The guarantee of a speedy trial "serves a three-fold purpose. It protects the accused ... against prolonged imprisonment; it relieves him of the anxiety and public suspicion attendant upon an untried accusation of crime; and ... it prevents him from being 'exposed to the hazard of a trial, after so great a lapse of time' that 'the means of proving his innocence may not be within his reach'--as, for instance, by the loss of witnesses or the dulling of memory." (People v. Prosser (1955) 309 N.Y. 353, 356 [130 N.E.2d 891, 893]; State v. Keefe, supra, 17 Wyo. 227, 257- 258.)
 The foregoing purposes are equally served with respect to one already imprisoned for another crime. Even the purpose of preventing undue imprisonment is of some concern to a California prisoner, because if he is promptly convicted of an additional offense he may be sentenced to serve a term of imprisonment concurrently with the term already imposed (Pen. Code, § 669); if a defendant is brought to trial only after his sentence on another charge has been completed, the possibility of concurrent sentences is denied him. The purpose and policy of avoiding the obvious prejudice which follows when required to defend against criminal charges long after commission of the alleged offenses are especially significant. In a case similar in its facts to those involved in the instant petition, the court remarked: "The thought of ordering [defendant] to trial on this charge after a lapse of twenty years shocks the imagination and the conscience. ... [I]t can almost be judicially noticed that the passage of that length of time will have made some [witnesses] inaccessible. ... [C]ertainly their memories of those long past events are clouded. ... [T]hey would be recalling something as in a dream, a kind of phantasmagoria, rather than an independent recollection. ... Witnesses, however honest, could not respond with any accuracy to cross-examination, and another important right would thus be lost to petitioner." (United [64 Cal. 2d 814] States v. Chase, supra, 135 F. Supp. 230, 233; see also Taylor v. United States (D.C. Cir. 1956) 238 F.2d 259, 260-261; State ex rel. Fredenberg v. Byrne, 20 Wis.2d 504, 511 [123 N.W.2d 305, 309].)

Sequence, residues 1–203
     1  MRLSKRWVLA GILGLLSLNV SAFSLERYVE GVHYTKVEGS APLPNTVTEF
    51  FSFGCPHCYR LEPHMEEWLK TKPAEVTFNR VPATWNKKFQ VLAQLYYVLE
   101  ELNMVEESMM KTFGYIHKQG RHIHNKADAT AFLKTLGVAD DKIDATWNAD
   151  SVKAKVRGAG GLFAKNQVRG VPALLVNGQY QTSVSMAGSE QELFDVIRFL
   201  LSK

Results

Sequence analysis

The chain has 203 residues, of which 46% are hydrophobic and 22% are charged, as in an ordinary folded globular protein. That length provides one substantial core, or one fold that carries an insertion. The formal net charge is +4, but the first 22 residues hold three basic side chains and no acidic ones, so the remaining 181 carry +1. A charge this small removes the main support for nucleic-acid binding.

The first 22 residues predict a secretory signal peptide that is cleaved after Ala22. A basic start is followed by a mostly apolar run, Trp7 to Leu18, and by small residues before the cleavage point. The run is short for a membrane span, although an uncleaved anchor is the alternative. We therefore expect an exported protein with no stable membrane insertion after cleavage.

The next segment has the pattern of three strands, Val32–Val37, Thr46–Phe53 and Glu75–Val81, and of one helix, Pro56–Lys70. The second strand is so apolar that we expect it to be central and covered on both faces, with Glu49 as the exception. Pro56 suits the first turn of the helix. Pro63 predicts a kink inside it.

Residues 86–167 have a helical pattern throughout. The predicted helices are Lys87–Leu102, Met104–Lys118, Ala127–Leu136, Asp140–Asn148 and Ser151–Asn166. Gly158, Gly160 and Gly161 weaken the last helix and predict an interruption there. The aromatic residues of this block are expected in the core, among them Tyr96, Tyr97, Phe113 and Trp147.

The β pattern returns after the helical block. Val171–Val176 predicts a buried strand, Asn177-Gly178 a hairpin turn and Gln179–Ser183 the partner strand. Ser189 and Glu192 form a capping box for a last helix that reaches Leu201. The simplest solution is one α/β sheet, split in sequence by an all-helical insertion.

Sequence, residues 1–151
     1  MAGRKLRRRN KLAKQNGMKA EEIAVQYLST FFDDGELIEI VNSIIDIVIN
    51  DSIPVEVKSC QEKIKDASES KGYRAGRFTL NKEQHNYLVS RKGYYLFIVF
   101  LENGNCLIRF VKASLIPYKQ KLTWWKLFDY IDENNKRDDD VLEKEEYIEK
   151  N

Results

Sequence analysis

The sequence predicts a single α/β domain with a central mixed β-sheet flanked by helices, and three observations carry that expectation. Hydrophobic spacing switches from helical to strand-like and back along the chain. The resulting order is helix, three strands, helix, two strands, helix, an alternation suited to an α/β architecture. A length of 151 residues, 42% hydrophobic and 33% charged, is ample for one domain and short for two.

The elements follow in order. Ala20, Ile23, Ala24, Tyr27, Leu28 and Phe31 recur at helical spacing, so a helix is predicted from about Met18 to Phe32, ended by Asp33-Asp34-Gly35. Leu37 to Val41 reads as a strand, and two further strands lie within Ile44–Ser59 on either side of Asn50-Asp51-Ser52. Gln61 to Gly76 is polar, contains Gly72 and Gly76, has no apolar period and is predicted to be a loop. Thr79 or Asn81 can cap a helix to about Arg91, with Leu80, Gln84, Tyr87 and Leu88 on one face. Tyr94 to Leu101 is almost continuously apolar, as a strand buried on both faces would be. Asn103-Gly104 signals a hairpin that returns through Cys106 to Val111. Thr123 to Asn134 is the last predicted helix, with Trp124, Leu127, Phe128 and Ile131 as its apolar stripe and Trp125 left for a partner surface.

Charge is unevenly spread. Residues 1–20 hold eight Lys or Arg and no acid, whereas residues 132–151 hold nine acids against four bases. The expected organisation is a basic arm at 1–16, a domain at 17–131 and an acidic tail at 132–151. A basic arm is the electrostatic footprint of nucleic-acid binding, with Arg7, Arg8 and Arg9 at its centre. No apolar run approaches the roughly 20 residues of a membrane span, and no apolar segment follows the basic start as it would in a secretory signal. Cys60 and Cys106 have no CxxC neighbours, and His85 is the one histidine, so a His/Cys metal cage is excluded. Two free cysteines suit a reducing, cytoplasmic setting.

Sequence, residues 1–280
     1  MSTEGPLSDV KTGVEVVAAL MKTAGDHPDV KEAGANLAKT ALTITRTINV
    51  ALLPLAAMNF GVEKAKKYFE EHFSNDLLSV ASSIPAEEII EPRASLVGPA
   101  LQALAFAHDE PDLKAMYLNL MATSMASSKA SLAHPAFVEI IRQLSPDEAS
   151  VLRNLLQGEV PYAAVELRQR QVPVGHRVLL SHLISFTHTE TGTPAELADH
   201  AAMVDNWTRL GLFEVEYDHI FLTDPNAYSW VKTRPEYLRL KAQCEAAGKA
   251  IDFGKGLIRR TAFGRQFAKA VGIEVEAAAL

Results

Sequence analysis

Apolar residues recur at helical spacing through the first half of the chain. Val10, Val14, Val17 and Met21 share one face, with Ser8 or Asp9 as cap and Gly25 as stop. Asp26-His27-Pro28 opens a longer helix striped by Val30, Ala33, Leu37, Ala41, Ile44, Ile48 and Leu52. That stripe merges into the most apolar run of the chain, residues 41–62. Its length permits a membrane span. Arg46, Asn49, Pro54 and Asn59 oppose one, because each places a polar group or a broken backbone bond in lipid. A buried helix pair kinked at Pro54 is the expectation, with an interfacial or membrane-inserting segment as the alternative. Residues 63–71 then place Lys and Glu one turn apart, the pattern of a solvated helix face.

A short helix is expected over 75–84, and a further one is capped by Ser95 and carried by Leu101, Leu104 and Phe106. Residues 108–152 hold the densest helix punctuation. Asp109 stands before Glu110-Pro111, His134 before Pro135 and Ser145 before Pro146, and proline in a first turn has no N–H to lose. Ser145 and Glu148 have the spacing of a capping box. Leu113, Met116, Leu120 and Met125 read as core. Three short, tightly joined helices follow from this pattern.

There appears to be no sound reason for the distinction sometimes drawn between an accused serving a sentence outside a jurisdiction and one imprisoned within the jurisdiction. Both are equally entitled to a speedy trial. "The rationale of the early cases holding [that] a federal prisoner ... could not be heard to complain was based on the reasoning the state as a matter of right could not insist the prisoner be returned and [that] the delay was the prisoner's own fault for having committed the crime for which he was imprisoned. However, the more- recent decisions ... reason that once a state commences a criminal prosecution it has a duty to follow through and complete it, and the fact the defendant is incarcerated in a federal prison is not necessarily sufficient justification to make the delay reasonable. ... 'The constitutional guaranty ... contemplates that the means that are available to meet its requirements shall be utilized.' ... Although the imprisonment of the petitioner at [the federal prison] is his own fault, that in itself does not excuse the state's long delay in bringing him to trial in the absence of a showing that the state was unable to obtain his return for trial ... Both ... counties [in which the charges were pending] knew the defendant was imprisoned ... and they could have initiated proceedings to return him for trial." (State ex rel. Fredenberg v. Byrne, supra, 20 Wis.2d 504, 509-510, 512 (italics added); see Commonwealth v. McGrath (Mass. 1965) 205 N.E.2d 710, 713-714; People v. Bryarly (1961) 23 Ill. 2d 313, 318-319 [178 N.E.2d 326, 329]; Taylor v. United States, supra, 238 F.2d 259, 261; but see In re Yager's Petition (E.D.Ky. 1956) 138 F. Supp. 717, 718; State v. Larkin (1959) 256 Minn. 314, 315-316 [98 N.W.2d 70, 71].)